A Sitemap Makes Your Website More Google Friendly [con't]
Creating Your First Google Sitemap
You can create the sitemap for your website manually if you like. You can use the XML sitemap format shown in the previous section to build it. I strongly suggest that you go through Google's documentation on manually creating a sitemap if you choose to go down this path. If you have a website that does not have more than 30 or so pages, this might be a useful effort. However, if you have more than 30 or 40 pages, I suggest you use an automated tool to help you build the sitemap. If control is what you are looking for, you can always edit the automatically generated sitemap to suit your taste.
There are number of tools on the Web that help you automatically build your website's sitemap. Google has its own tool, a Python script called Google Sitemap Generator. The major drawback of using this tool is that you have to set it up on the server where your website is running and execute it there. Also, the tool requires Python 2.2 to be installed on the server. This may not be your setup, and in some cases you just might not want to jump through those hoops. This is where alternate sitemap generators come into play. Most of the free sitemap generators I came across are Web-based, which means no installation!
Of the few Web-based sitemap generators I tested, I liked Xml-Sitemaps.com the most. This free and simple-to-use Web-based service guides novice users well through the process of generating, setting up, and submitting their sitemap. This is a great option, especially if you have a static website. If you are using a content management system (CMS) such as WordPress or Joomla you are better off using the sitemap generator tool provided by these projects' communities. For WordPress users, Google (XML) Sitemaps Generator for WordPress might be a good choice as well.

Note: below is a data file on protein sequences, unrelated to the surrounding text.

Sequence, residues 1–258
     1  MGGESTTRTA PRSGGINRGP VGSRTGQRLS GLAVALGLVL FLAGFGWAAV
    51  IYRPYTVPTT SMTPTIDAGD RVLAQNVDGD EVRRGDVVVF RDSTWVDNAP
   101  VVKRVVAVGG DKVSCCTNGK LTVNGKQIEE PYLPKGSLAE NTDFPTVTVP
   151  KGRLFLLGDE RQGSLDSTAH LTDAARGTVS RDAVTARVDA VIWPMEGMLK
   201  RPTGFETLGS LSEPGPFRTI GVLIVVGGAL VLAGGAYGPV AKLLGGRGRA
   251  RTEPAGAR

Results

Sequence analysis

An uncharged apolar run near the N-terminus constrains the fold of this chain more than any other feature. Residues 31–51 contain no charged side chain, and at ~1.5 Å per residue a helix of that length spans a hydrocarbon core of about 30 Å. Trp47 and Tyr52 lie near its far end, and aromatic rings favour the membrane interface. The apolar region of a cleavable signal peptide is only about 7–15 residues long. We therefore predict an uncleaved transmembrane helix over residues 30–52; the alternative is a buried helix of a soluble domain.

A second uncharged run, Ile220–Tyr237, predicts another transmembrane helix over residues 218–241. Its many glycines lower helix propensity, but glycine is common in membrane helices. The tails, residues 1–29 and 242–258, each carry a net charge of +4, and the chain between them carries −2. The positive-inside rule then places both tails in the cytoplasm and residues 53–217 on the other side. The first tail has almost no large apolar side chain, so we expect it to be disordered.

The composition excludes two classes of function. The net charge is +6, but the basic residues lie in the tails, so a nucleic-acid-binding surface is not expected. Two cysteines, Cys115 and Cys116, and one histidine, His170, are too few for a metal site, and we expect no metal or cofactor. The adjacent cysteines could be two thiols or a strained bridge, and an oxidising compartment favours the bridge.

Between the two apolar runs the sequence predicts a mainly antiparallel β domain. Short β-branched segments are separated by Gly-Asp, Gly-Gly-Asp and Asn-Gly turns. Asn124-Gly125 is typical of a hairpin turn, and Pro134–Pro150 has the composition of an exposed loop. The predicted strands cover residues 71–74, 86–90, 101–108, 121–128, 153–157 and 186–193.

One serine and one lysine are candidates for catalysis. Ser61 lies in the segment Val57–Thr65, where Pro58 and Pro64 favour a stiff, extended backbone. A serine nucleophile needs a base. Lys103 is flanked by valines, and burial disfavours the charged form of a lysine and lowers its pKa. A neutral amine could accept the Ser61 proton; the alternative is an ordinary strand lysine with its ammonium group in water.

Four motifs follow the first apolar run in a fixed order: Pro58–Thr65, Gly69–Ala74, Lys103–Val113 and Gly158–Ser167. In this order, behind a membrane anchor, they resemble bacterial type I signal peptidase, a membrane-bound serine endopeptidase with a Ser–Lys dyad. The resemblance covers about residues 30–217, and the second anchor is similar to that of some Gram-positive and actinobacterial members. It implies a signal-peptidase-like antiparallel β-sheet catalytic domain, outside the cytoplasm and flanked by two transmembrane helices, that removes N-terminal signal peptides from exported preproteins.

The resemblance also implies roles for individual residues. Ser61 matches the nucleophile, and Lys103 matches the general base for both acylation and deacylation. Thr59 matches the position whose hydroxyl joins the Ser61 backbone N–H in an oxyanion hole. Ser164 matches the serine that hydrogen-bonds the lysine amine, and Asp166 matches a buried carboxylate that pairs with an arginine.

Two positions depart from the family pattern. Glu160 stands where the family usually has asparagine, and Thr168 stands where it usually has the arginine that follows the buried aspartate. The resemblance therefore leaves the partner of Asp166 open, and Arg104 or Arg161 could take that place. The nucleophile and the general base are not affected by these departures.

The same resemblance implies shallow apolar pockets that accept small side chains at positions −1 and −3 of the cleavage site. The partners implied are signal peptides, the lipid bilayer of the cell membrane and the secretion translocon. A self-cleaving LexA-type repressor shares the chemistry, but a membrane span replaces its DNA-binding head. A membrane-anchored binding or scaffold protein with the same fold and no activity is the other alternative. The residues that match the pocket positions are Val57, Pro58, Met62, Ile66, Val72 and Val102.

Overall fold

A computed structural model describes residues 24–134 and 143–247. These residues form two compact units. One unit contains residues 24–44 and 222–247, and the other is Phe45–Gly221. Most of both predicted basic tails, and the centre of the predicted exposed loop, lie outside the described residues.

When you have picked a plugin or a Web-based service to generate your sitemap, follow the steps outlined on your tool of choice to generate the sitemap. For a Web service, this usually involves entering the complete URL of your website. When generated your sitemap should be available for download as an XML file and/or a zipped file.
Sitemap's Ready, Now What?
So, your sitemap is ready and the next thing you need to do is to upload it to the
root directory of your website. If you are using a plugin-based sitemap generator for your CMS, these steps may not apply in the same way and in some cases might not even be required. Follow these steps if you have a static website. What you need to do is upload the
sitemap.xml file to the
root directory of your website so that it is accessible as
www.example.com/sitemap.xml. When you have uploaded the XML file, you can edit your
robots.txt to include the sitemap URL. A
robots.txt file tells search engine spiders what they should not crawl. A sitemap tells them which pages they should crawl. Together they compose a detailed note of recommendations you can leave for search engines.
Submit Sitemap to Google
The last step for setting up your website's sitemap is to submit the sitemap to Google. This is not a necessary step if you have configured your
robots.txt correctly. However, there is no harm in submitting it anyway. Create an account for your website at Google Webmaster (you will need a Google account) and enter in the URL to your Google sitemap and click Submit URL. And that's it!
Original: May 26, 2010